“Never doubt that a small group of thoughtful, committed citizens can change the world; indeed, it’s the only thing that ever has.” Margret Mead
What a fitting quote to start today’s blog post on ADHD advocacy, below we have included a link for a fantastic article from Dr. Kenny on ADHD Advocacy.
We are very grateful to Dr. Kenny Handelman for addressing the issue of ADHD advocacy this week in his newsletter. Although individual and systemic advocacy may be one of CADDAC’s most important roles it is very difficult to engage people in these efforts. To a parent, spouse or friend, etc. individual advocacy for their loved one, although possibly intimidating in the beginning, is a natural instinct. Carrying the message to the next step of systemic advocacy can be too intimidating for most. Dr. Kenny is right when he says that you must start with your own story, but openly talking about your family’s weaknesses and struggles, often not very pretty, can make you feel very vulnerable. Even more stressful can be the fear of exposing your child to criticism or bullying.
Dr. Kenny is also right about the misinformation, misunderstanding and stigma that continues around ADHD. This will only decrease when people begin to openly challenge these myths and provide the “right” up-to-date, medical information to take the place of misinformation.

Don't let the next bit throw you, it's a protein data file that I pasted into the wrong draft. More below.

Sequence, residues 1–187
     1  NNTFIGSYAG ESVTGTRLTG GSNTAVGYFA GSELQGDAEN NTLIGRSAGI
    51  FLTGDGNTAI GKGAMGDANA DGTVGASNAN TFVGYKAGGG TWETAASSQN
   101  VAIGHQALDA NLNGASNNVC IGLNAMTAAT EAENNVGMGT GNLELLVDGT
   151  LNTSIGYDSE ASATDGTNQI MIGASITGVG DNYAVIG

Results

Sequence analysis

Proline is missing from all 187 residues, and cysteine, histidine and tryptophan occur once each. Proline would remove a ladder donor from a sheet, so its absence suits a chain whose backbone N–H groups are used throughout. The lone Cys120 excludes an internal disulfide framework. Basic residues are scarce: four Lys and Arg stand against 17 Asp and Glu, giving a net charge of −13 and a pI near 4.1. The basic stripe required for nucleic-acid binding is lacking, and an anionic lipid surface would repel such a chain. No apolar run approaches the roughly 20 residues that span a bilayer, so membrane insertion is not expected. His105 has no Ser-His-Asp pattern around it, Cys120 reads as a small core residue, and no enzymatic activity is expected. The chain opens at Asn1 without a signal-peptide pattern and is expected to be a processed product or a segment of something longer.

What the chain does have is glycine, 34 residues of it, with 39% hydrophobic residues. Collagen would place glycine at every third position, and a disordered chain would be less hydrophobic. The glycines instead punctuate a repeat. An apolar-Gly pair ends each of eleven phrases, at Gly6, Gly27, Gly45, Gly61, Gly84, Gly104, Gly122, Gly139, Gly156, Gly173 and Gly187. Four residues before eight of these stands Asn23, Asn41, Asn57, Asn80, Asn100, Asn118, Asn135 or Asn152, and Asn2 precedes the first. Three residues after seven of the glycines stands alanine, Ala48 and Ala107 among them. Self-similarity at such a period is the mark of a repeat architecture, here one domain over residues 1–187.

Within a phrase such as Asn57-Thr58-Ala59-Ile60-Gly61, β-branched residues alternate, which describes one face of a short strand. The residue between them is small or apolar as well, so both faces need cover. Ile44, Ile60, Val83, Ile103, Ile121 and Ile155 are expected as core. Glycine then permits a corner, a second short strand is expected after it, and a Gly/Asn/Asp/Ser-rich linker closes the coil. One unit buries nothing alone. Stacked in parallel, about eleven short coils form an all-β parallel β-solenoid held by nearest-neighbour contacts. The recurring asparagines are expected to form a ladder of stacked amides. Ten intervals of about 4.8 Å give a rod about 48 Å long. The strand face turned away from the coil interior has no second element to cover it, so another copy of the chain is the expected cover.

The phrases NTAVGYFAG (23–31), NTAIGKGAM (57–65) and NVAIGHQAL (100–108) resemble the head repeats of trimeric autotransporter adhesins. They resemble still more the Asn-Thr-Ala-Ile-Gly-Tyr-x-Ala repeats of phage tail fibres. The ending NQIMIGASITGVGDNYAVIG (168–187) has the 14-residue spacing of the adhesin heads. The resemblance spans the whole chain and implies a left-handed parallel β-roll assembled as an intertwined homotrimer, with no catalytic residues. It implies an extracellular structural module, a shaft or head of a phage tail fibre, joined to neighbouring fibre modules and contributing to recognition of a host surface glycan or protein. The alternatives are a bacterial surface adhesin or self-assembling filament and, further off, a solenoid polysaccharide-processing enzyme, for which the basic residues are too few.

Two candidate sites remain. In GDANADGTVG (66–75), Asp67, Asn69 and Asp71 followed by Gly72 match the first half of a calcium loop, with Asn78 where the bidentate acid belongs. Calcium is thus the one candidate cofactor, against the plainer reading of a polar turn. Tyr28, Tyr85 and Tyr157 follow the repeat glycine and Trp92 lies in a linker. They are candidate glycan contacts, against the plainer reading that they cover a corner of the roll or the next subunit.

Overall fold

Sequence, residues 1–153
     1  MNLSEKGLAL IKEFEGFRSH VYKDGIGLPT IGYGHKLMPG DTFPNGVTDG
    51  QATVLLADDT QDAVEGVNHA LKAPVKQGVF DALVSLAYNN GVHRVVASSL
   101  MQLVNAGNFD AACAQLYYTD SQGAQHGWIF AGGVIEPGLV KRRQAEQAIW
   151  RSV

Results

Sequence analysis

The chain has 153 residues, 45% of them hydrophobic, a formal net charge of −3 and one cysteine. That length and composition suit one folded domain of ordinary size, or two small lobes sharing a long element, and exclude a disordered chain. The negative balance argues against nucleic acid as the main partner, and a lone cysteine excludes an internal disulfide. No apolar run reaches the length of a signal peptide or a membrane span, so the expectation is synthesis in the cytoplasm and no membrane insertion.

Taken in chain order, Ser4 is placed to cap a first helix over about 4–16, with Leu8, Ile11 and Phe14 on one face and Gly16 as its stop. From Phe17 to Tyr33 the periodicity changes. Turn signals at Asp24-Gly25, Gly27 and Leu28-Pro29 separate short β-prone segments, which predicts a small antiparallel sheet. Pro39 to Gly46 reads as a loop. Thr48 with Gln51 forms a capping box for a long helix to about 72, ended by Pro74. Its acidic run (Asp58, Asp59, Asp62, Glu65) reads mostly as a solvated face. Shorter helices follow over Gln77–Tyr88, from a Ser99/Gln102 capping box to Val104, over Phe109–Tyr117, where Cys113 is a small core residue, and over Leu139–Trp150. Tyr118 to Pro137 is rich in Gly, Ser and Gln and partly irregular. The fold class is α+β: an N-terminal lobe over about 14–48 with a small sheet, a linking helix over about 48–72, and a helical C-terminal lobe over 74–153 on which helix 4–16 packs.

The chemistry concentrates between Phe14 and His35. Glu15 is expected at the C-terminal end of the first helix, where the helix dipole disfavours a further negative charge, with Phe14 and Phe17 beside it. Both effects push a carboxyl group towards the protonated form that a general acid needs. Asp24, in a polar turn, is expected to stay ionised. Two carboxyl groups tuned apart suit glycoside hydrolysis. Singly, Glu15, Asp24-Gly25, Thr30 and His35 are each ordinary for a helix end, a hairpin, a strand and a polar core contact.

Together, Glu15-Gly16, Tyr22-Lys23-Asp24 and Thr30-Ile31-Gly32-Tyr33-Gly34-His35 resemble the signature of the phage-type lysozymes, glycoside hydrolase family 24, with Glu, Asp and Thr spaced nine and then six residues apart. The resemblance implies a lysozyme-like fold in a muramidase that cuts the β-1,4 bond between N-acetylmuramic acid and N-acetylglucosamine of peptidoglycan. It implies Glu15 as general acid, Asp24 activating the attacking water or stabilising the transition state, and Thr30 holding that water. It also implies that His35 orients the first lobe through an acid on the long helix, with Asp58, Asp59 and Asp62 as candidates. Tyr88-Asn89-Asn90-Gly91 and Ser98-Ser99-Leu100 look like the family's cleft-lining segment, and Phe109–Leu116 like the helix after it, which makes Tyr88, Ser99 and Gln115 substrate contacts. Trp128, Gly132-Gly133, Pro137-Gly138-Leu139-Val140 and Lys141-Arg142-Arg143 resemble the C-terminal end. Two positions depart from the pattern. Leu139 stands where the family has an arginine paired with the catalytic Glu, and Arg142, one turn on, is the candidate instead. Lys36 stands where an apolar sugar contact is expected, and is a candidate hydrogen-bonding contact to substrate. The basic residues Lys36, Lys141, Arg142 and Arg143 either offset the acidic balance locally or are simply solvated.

Speaking to your child’s teacher, coach, a relative or friend about ADHD and giving them the facts is a fabulous first step. Your are educating and decreasing stigma one person at a time and hopefully that one person will go on to share the information with others. However, the next step to systemic advocacy can be even more important. When we at CADDAC meet with elected politicians or government administrators our first major hurdle is convincing these decision makers that ADHD is an important issue for their constituents. We hear the same statement time after time, our constituents do not talk to us about this issue, so why should we be interested.
If as research tells us, at least 5% of the population has ADHD, and only their parents and close extended family contacted their elected officials about this issue, politicians would begin to take notice. If medical health care providers, educators, coaches etc. also let their voices be heard ADHD might be in the news as often as autism.
If you have an interest in ADHD, CADDAC and other Canadian ADHD support organizations need your help! Advocacy efforts cannot succeed unless the voices of those like you are heard.
Last year for 2013 ADHD Awareness week a web site was developed for the purpose of growing awareness and advocacy efforts. A host of information and easy to use tools have been created to assist you in writing letters, and possibly meeting with your elected officials.
Please access http://adhdawarenessweek.ca/
Executive Director CADDAC